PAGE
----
Chesapeake Beach Resort and Spa plans major renovation
by Joey Almony
The Town of Chesapeake Beach, on the western shore of the Chesapeake Bay, home to the Chesapeake Beach Water Park, Veteran’s Memorial Park, the Railway Museum, Brownie’s Beach, and the local favorite, Rod N’ Reel and Chesapeake Beach Resort and Spa, is getting a facelift.
To celebrate its 70th anniversary, owner Gerald Donovan is renovating the Chesapeake Beach Resort and Spa, the largest investment in the history of Chesapeake Beach. The current facility contains three restaurants, including the popular Rod N’ Reel, two marinas, and a 72-room hotel with a spa. The renovation won’t touch the hotel or the neighboring Railway Museum, but everything else will be completely new. “We are going to be tearing down the current building, and starting anew,” said Wesley Donovan, Gerald’s son.
The Chesapeake Beach Planning and Zoning Commission approved the expansion project in March. The business will soon begin the two year renovation. The new complex will include many new amenities the town has never seen before, and will also improve existing ones at the current hotel and spa. An atrium will connect the existing hotel with the new complex. The new complex will add retail and restaurant space, which will include a new crab house with waterfront view, a facility to host weddings year-round, a conference space, 60 additional hotel rooms, a multi-story parking facility, and other amenities with full views of the bay. “The dining room will be facing east and north, with floor-to-ceiling windows facing the Chesapeake Bay,” said Wesley Donovan.
Donovan not only plans to renovate the Chesapeake Hotel and Spa, but also build a 58-unit luxury rental apartment complex, called Harbor Vista South Apartments, across the street at the mouth of Fishing Creek. The 58 apartments will vary from one, two, and three bedrooms, ranging from 800 to 1,300 square feet. Harbor Vista will also contain its own workout room, pet park, and party room. The apartment complex will have parking underneath and residents will have priority access to the Marina West boat slips right behind the complex and one block away from the bay.
Concerns about how the new expansion will affect the town, especially during construction, have been on the minds of many of Chesapeake Beach citizens. “My major concern is that the project lacks a robust Adequate Public Facilities (APFO) impact study that takes a critical look at all aspects that the demands of this project would generate on schools, traffic, infrastructure and facilities and the immediate environment, specifically Fishing Creek and the Bay,” said vice president of the Chesapeake Beach Town Council Pat “Irish” Mahoney.
With new residents and new attractions that the new buildings will bring, increased traffic will follow. With the industry standard two cars per unit for the Harbor Vista apartments, that will bring 116 new cars passing through the Mears Ave/Harbor Rd intersection, and down 261 which is a currently a two lane road. “It will exacerbate current traffic congestion and severely impact our waterfront communities from North Beach down to Chesapeake Village,” said Mahoney.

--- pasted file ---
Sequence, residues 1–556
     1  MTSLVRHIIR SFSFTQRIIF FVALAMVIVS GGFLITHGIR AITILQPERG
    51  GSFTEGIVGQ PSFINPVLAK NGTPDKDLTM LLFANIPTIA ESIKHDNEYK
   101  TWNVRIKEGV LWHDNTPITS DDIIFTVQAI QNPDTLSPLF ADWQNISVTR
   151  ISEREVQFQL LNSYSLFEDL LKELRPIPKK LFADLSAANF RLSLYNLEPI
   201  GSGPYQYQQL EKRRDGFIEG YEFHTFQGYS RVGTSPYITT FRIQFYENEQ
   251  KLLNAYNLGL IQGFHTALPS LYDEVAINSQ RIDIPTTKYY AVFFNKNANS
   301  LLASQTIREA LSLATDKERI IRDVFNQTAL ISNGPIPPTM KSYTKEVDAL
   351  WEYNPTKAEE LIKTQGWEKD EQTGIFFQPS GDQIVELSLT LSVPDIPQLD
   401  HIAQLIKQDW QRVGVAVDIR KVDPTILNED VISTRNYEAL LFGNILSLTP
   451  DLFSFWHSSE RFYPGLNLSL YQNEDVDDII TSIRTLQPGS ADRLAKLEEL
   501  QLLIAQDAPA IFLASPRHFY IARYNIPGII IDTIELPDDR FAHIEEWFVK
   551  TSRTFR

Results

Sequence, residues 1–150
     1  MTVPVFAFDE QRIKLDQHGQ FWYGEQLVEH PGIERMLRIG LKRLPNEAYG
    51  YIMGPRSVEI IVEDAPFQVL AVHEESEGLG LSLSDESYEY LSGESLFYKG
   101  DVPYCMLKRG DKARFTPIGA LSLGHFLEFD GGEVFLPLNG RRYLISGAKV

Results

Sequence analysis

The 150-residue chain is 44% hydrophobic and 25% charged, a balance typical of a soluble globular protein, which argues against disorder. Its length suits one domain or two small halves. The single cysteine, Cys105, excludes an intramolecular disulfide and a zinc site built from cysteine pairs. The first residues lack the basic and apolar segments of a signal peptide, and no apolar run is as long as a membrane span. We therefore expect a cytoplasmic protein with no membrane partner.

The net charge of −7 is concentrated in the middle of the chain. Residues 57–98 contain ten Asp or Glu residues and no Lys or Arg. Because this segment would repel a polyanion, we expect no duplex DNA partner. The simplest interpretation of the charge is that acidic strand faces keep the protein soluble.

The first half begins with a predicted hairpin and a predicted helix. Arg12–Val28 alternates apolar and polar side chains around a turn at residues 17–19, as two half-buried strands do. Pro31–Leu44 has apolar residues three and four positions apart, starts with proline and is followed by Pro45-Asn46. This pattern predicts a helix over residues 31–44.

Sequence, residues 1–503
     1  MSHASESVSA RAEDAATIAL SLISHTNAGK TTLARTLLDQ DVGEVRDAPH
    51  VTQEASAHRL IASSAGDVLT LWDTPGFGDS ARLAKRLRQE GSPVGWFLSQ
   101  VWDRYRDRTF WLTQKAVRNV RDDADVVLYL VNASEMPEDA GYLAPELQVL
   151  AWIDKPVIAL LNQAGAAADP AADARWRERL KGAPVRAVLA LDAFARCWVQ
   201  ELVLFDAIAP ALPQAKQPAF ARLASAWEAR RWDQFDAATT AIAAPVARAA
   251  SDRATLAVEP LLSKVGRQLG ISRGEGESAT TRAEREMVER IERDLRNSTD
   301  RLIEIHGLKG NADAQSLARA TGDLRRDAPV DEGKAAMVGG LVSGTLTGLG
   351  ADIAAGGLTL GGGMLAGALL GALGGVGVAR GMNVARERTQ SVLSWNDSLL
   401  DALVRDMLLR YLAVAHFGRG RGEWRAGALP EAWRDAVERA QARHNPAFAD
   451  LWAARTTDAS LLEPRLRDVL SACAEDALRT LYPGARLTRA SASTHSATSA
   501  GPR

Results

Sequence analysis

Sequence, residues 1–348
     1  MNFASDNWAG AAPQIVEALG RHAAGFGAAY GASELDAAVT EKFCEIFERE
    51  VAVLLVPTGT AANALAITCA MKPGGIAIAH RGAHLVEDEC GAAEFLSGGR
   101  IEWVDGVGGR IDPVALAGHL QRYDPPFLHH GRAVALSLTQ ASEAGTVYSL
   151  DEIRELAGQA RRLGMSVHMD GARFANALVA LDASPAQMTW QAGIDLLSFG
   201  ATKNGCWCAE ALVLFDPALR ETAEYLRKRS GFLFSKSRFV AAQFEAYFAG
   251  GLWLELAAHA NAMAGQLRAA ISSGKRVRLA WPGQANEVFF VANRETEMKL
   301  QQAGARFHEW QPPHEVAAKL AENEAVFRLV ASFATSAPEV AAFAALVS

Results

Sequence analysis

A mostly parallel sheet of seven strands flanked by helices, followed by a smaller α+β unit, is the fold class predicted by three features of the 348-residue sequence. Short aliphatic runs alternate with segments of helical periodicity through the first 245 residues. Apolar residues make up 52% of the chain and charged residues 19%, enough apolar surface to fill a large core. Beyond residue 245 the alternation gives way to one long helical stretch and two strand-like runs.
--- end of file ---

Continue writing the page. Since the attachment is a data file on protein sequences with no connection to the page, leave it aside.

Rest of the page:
After construction is finished, the expansion of the fishing creek bridge will also be finished that will facilitate the flow of traffic through the intersection. “[The new bridge] has a stacking lane for vehicles if they turn left onto Mears Avenue, or they can go straight through the light if they are traveling south,” said Wesley Donovan.
Traffic during construction seems to be the main concern of students who live in the area that will be directly affected in neighborhoods like Windward Key and Chesapeake Station. Without the new bridge and construction, traffic will be become congested. “While building traffic is going to be chaotic, it’s going to be a hot mess because that is the only way across town,” said junior Lexi Wysocki. Construction will also bring noise and debris to the area.
Harbor Vista will not only bring traffic, but a population increase to the area. Concerns about the ability of schools to handle the influx of students are another concern. “The Beach Elementary School population will be exacerbated and another elementary school redistricting will be required. Northern High School will experience the domino effect,” said Mahoney. With the construction of the new school being constantly delayed, schools might not be able to handle the increase in students.
If these concerns are properly addressed, the new additions to the Chesapeake Beach community will bring many benefits to the residents living there. The new facilities will bring over 100 new jobs to the community and, without any tax increase on the horizon, it will benefit the town’s tax base for years to come. The economic benefits have brought the support of Mayor Bruce Wahl and Governor Larry Hogan. “After construction, it’s going to be so nice because of shopping and new places to eat,” said Wysocki.
Although some may be concerned with environmental effects on the bay and the creek, Gerald Donovan plans to make sure no harm comes to the bay. “We have always tried to do right by the environment, and the project will actually improve how rain water gets filtered before it goes into the bay. Both projects will exceed the required number of trees that have to be planted,” said Wesley Donovan.
The new construction will bring big changes to the small Chesapeake Beach community. If the concerns of citizens are addressed properly, the new additions will change the town of Chesapeake Beach to a bustling new attraction that will bring new business to Calvert County.